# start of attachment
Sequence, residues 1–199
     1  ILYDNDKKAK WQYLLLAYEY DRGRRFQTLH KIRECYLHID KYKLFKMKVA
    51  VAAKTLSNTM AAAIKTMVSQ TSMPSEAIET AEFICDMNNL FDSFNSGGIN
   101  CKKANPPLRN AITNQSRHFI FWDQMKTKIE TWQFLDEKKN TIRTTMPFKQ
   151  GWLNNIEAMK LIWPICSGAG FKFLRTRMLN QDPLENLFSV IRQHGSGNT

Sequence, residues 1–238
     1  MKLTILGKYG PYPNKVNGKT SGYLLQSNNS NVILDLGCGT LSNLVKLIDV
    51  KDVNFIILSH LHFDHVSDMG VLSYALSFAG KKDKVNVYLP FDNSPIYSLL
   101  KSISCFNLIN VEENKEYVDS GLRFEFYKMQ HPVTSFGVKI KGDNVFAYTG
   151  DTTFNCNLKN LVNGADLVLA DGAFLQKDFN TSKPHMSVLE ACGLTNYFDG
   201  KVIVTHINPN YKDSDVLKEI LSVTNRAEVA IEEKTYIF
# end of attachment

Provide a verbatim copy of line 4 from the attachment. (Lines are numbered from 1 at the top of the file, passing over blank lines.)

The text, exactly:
   101  CKKANPPLRN AITNQSRHFI FWDQMKTKIE TWQFLDEKKN TIRTTMPFKQ